- The Washington Times - Thursday, April 12, 2018

Mike Pompeo said he came to his confirmation hearing Thursday prepared to talk about the Trump administration’s policies and his qualifications to lead the State Department.

Democrats wanted to talk about special counsel Robert Mueller’s investigation into the 2016 presidential election.

Mr. Pompeo, currently the director of the CIA, laid out his views on critical foreign policy questions, including saying that President Trump has the power to strike at Syria without new authority from Congress, that work with the international community on Iran nuclear sanctions would continue even if the administration decertifies the Obama-era deal, and that pressure on Russia goes beyond the economic sanctions for which Democrats are clamoring.

In one striking moment, Mr. Pompeo confirmed that American forces had killed a “couple hundred” Russian mercenaries in a clash in Syria in February. “The Russians met their match,” he said.

But he acknowledged more sanctions are likely necessary.

“I readily concede that Vladimir Putin has not yet received the message sufficiently, and we need to continue to work at that,” he told the Senate Foreign Relations Committee, which is in charge of his confirmation process.

He also said he is reading up on past interactions with North Korea so he can see what mistakes to avoid as Mr. Trump prepares to meet dictator Kim Jong-un in a couple of months. He stressed that he is not calling for Mr. Kim’s ouster but is determined to see the rogue nation’s nuclear program eliminated.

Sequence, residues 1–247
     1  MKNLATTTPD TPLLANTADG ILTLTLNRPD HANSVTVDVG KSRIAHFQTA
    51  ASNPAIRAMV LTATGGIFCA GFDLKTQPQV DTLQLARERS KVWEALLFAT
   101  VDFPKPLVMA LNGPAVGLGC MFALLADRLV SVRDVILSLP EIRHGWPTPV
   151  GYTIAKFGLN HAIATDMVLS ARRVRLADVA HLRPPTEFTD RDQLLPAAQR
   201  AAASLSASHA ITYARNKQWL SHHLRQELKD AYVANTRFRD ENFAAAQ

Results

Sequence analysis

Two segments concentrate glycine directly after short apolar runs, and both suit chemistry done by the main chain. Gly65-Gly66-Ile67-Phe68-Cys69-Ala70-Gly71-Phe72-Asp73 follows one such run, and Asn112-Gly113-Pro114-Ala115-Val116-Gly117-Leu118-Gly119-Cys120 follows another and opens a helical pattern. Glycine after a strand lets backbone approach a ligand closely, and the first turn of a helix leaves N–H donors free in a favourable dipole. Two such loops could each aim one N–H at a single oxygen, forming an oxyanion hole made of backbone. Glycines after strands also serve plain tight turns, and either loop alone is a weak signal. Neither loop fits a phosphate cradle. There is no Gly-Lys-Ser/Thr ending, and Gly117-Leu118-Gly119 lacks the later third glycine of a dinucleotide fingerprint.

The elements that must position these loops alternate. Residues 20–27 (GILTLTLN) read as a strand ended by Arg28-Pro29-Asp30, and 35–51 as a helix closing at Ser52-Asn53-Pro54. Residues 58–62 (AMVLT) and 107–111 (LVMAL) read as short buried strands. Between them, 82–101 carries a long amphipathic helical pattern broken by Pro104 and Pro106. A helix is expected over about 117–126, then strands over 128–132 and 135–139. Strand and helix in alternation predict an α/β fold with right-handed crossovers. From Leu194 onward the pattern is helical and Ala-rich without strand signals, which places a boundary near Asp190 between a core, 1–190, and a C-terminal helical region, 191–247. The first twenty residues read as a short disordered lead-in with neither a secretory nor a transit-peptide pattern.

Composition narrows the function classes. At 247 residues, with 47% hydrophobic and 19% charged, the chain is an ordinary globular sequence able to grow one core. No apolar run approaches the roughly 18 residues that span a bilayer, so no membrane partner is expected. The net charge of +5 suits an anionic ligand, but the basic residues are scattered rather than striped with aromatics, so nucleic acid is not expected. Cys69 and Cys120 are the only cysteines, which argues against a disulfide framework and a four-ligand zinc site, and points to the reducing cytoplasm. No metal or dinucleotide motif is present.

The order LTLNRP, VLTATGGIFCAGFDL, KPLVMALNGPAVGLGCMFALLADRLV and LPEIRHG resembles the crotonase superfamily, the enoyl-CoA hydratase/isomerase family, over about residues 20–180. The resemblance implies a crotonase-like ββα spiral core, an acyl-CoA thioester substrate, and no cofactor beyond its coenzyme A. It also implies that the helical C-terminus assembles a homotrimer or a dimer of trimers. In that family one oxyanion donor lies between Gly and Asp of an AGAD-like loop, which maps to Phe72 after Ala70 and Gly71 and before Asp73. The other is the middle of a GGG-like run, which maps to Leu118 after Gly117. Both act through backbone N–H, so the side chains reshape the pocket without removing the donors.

Republicans and Democrats asked for assurances that Mr. Pompeo, a former Army cavalry captain, a Harvard Law School graduate and a three-term congressman, promise to be an independent — and, if need be, contrarian — voice within the administration.

Democrats cajoled Mr. Pompeo to confirm that Russia meddled in the election and that Moscow is responsible for frayed relations — contradicting Mr. Trump, who tweeted this week that the ongoing Mueller investigation is causing much of what he termed “bad blood.”

The Mueller investigation was a passion for most of the Democrats on the panel, who repeatedly brought their questioning back to the subject.

One senator told Mr. Pompeo that he should think about resigning from office in defiance if Mr. Trump fires the special counsel or the deputy attorney general who is overseeing the investigation.

He said he probably wouldn’t and pointed to the example of President Clinton, whose team stuck by him even after he was impeached.

Another Democrat wanted to know whether Mr. Trump had recruited Mr. Pompeo to thwart investigations into Russian activities.

The CIA director said he has been cooperating to an unprecedented extent by sharing information with Mr. Mueller and two congressional intelligence committees that are conducting their own investigations into Russian activities.

“I have been a participant in special counsel Mueller’s activity,” he confirmed.

But he flatly rejected a Washington Post report that said Mr. Trump held Mr. Pompeo and Director of National Intelligence Dan Coats behind after a meeting last year and asked them to take steps to influence the investigation.

Mr. Pompeo said he didn’t recall exactly what Mr. Trump asked, but he denied the substance of the report.

“The article’s suggestion that he asked me to do anything that was improper was false,” he said.

When Democrats did venture into foreign affairs, they — and some Republicans — asked Mr. Pompeo to convince them he is not eager for war, particularly after Mr. Trump brought on National Security Adviser John R. Bolton.